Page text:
This is where, to come to a conclusion, few "experts" seem to have a full grasp of "developments". The "crisis" that began as a "great financial crisis" cannot be given a "technical" solution because, as becomes each day more devastatingly clear, it is a "political crisis" - one that involves the very conception of the role of the collective capitalist, the State, in the reproduction of society itself as a "capitalist" society. The fact is that "profitability" is inconsistent with the "democratic" utilisation of social resources. One of two things: either we regress to the kind of social conditions that Western bourgeoisies enjoy in "emerging economies" (China and South East Asia, perhaps also India and Latin America) - or else we truly democratise the use of social resources! And by the way, it is not at all clear that "the Asian myth" has any truth to it at all!

Thursday, 21 July 2011

KEYNES AND SCHUMPETER: Cycle, Crisis, Growth (Part II)

[As a reward to our loyal friends I publish here some "notes" on Keynes and Schumpeter that were written to form part of the final chapters of "Krisis".]

"Grasshoppers" and "ants. Consumers and workers. Investors and Savers. The dichotomy between Investments and Savings is what "the rate of profit", reflected ultimately in the rate of interest, is what links the two. As Carol Wilcox reminded us with her "fallacy of composition", Keynes could see that what is reasonable for the individual capitalist firm is not reasonable for the capitalist class "as a whole" because while the individual capitalist wishes to depress the wages of 'his' workers, 'he' wants to raise the wages of all other workers. This engenders a deflationary spiral of lower wages, lower prices and lower output and employment that ONLY the "collective capitalist" (the State) can stop and reverse.



Once the State has re-established the identity between Investments and Savings, Keynes concludes that Say's Law (or "the laws of classical economics") function normally. Equilibrium is reached and the Law of Value according to which "output" is properly distributed to each factor of production - profit, interest, rent and wages - can finally operate in accordance with economic theory.



The ESSENTIAL point here is that Keynes could see "Equilibrium" and, unlike the classical political economists (Smith, Ricardo, Say), HE COULD SEE "crisis". CRISIS was the "inequality" of Investments and Savings brought about by the "DOWNWARD RIGIDITY" of nominal wages - that is to say, by the antagonistic "resistance" or "composition" of workers AS A CLASS to the lowering of wages and conditions.



TO COME OUT of the "crisis" required the intervention of the State so as to bring the economy BACK to full OUTPUT and FULL EMPLOYMENT. Keynes could certainly SEE "crisis" in capitalism. And he could see GROWTH intended as "expansion of OUTPUT". What Keynes could NOT see was GROWTH AS DEVELOPMENT - in other words, Keynes could not see that "Crisis" could bring about NOT JUST "growth" as "full employment".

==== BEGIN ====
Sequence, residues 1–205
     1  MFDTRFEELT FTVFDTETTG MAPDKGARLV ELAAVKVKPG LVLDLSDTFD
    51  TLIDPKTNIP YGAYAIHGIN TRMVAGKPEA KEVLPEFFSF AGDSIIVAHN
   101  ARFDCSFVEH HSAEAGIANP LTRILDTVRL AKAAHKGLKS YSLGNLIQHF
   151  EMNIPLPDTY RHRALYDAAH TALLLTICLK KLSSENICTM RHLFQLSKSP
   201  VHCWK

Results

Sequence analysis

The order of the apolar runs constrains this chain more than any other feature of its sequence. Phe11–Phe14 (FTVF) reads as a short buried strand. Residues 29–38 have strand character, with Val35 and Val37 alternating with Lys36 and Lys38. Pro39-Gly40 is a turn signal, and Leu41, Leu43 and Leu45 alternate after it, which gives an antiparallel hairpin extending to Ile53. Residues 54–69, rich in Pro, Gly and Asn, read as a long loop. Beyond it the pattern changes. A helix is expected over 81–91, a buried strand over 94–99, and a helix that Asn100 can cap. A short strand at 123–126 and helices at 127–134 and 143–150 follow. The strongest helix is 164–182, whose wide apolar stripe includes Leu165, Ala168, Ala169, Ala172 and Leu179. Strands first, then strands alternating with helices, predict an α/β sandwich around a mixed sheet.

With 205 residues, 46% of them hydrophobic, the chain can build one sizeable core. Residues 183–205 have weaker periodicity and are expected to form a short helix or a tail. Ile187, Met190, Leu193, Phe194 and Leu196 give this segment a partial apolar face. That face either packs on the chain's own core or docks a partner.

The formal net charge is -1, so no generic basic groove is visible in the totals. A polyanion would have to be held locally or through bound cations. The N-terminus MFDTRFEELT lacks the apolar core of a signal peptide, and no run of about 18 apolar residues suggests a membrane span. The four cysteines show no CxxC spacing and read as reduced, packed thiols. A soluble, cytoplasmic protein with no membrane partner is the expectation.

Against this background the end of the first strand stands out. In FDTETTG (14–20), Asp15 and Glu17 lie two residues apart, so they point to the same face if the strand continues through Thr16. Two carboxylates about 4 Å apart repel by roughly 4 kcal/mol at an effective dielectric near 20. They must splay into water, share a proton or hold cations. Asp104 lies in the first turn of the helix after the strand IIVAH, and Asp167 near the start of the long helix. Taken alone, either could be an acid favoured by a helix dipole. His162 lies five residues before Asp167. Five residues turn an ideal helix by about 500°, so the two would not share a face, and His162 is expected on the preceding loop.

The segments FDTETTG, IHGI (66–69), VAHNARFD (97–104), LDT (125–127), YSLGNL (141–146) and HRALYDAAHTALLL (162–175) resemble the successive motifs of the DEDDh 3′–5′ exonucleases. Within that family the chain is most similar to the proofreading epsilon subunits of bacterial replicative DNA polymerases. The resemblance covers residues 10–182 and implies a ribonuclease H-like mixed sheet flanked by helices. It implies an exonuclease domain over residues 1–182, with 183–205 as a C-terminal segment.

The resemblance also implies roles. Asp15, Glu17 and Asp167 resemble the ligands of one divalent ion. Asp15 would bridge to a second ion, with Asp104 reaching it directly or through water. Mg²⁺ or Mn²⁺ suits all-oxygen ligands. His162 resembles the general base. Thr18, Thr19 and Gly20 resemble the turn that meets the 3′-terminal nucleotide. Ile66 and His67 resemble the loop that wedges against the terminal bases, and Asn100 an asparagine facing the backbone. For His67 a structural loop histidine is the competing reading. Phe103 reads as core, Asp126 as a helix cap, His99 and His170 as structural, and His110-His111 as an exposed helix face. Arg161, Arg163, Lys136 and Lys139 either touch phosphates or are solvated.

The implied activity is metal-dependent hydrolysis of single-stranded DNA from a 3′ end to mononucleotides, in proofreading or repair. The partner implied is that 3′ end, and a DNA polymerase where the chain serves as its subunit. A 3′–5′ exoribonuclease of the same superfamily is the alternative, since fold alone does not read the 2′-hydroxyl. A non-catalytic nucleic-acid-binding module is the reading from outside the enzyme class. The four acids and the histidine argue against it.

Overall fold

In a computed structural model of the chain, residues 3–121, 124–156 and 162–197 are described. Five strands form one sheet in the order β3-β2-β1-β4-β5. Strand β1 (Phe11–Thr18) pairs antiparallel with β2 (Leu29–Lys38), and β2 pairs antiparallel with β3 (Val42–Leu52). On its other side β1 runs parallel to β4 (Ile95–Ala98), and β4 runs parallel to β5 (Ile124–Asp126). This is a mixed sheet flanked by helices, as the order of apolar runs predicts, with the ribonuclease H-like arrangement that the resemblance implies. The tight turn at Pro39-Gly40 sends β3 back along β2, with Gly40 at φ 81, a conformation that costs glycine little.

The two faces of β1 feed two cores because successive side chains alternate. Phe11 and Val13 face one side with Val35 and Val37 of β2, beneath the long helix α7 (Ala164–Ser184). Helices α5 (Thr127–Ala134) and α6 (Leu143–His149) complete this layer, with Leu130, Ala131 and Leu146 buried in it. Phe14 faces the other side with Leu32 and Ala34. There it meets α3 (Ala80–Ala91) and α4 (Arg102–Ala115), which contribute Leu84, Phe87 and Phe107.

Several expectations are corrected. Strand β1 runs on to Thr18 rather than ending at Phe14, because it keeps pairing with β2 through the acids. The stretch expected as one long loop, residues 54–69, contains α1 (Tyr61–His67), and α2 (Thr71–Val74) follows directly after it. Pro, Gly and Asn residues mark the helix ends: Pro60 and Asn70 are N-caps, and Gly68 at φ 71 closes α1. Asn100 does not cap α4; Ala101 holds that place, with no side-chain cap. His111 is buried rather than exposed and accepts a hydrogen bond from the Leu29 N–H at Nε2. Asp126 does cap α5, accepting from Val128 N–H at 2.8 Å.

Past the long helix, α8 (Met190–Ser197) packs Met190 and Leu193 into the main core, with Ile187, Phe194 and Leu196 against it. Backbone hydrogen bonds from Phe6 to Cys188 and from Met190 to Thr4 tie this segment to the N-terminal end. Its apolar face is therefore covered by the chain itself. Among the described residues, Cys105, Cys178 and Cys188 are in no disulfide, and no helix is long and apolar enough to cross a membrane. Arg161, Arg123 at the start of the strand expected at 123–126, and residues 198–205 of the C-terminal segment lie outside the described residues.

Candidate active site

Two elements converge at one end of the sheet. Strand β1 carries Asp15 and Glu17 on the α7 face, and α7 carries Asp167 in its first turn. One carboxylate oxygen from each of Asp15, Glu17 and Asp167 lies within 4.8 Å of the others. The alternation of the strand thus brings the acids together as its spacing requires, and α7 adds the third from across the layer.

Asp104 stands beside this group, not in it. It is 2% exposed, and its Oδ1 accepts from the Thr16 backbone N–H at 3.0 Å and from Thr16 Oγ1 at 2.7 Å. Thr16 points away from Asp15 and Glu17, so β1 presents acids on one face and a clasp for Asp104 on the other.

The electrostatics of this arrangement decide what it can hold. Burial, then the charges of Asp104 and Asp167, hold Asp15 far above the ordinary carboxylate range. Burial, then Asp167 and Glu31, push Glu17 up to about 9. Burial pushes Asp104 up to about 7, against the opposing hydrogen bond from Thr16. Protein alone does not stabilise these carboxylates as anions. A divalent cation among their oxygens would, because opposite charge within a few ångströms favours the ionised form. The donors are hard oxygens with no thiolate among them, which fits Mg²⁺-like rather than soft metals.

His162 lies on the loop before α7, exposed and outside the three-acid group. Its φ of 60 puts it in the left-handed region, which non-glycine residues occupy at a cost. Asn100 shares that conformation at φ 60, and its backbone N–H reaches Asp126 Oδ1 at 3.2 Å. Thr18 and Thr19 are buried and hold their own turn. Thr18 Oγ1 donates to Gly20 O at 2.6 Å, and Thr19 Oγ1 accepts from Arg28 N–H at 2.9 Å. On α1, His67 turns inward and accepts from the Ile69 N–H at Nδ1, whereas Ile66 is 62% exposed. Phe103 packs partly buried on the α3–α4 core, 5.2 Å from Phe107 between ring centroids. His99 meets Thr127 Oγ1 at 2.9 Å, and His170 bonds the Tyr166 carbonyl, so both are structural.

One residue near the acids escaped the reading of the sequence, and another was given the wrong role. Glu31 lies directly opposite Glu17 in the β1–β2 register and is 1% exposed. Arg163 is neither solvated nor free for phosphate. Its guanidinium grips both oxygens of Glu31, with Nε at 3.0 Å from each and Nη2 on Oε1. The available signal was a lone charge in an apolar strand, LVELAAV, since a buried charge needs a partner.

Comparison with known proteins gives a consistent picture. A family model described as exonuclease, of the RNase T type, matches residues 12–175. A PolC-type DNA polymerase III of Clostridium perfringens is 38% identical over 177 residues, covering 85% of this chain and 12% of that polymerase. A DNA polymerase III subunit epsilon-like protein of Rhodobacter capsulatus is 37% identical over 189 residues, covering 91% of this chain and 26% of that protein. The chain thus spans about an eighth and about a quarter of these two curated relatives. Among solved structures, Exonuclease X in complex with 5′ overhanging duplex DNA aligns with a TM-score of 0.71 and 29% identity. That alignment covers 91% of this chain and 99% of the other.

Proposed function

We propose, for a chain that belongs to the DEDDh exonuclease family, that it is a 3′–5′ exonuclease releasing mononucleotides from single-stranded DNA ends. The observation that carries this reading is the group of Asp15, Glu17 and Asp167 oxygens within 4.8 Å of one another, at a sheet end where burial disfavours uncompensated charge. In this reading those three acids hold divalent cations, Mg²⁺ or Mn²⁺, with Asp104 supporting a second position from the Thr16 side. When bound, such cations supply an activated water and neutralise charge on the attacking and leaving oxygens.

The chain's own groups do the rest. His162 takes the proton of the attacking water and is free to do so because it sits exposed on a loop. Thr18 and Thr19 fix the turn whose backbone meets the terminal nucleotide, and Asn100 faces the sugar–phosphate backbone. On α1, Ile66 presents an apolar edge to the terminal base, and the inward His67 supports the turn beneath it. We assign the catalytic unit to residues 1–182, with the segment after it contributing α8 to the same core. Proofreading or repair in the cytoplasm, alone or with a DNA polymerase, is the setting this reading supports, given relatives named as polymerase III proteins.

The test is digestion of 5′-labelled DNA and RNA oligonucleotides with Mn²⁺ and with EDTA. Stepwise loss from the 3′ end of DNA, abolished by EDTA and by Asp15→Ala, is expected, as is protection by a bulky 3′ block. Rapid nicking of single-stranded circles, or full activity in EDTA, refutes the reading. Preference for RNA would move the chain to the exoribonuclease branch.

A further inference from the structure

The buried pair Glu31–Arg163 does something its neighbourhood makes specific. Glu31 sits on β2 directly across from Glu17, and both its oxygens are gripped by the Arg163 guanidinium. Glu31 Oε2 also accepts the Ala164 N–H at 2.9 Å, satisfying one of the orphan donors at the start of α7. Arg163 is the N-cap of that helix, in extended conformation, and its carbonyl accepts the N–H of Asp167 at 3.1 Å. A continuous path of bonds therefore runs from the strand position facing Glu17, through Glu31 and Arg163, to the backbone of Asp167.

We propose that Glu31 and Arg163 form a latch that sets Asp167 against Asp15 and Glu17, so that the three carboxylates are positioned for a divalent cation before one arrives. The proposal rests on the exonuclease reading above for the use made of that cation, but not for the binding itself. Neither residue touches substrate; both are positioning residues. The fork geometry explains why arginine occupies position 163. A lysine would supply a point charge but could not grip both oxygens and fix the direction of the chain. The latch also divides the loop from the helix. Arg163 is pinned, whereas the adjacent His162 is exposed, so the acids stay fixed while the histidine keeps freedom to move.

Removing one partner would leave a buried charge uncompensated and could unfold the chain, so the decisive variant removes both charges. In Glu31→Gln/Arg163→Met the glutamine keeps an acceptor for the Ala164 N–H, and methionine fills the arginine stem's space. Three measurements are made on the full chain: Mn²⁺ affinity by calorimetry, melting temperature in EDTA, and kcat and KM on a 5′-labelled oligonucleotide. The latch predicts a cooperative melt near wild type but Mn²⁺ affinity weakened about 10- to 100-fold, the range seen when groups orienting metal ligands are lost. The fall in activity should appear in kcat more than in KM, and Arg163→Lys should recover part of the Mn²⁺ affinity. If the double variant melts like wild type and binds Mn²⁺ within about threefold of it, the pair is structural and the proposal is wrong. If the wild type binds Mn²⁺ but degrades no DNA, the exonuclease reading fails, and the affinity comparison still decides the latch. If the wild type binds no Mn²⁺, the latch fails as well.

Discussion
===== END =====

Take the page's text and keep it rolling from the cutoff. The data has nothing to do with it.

RATHER, as SCHUMPETER discovered (!), capitalism could overcome "Crisis" THROUGH GROWTH-AS-DEVELOPMENT.....through GROWTH-AS-INNOVATION!!



WHEREAS in Keynes capitalism was always prone to STAGNATION (as we saw earlier), and "technological innovation" was seen as an "exogenous factor", as a factor EXTERNAL to capitalist relations of production -  IN SCHUMPETER "growth-as-innovation" is an ENDOGENOUS FACTOR, a factor INTERNAL to capitalism. For Schumpeter "Innovation" is THE VERY ESSENCE of capitalism! (For all this, see Business Cycles.)



For Keynes, “technology”is purely a “scientific”, “neutral” process, a process completely independent of the social relations of production, a process standing OUTSIDE the wage relation and INDEPENDENT OF and AUTONOMOUS FROM the process of production. The neo-classical economic theory to which Keynes subscribed for its notion of “general equilibrium” NEVER STRAYED from the concept of an “INDEPENDENT PRODUCTION FUNCTION” under which the “economic system” GREW” from one “equilibrium” to the next in the quantitative terms of OUTPUT.



BUT, as Schumpeter discovered, in this neo-classical concept of “output” and “growth” THERE IS “crisis” but THERE IS NO “DEVELOPMENT”, there is “EXPANSION” but there is NO “INNOVATION”. In Keynes there is “control of Growth” but no “LEADERSHIP-as- development”, there is “growth of CONTROL” but no ‘Active domination of the productive process”, “active LEADERSHIP” through Innovation. There is a “bureaucratic” STATE-PLAN to come out of the “Crisis” but there is no understanding of how the process of production itself, the Rationalisation of Technology can serve as POLITICAL LEADERSHIP, as DOMINATION.



Keynes sees the NEGATIVE aspect of working-class antagonism in the “rigidity” of wages. But Schumpeter sees the “resistance” to Innovation! He sees the workers’ antagonism to “new technologies” that are UNDEMOCRATIC, AUTHORITARIAN forms of COMMAND over “living labour”!! (Cf. Business Cycles.)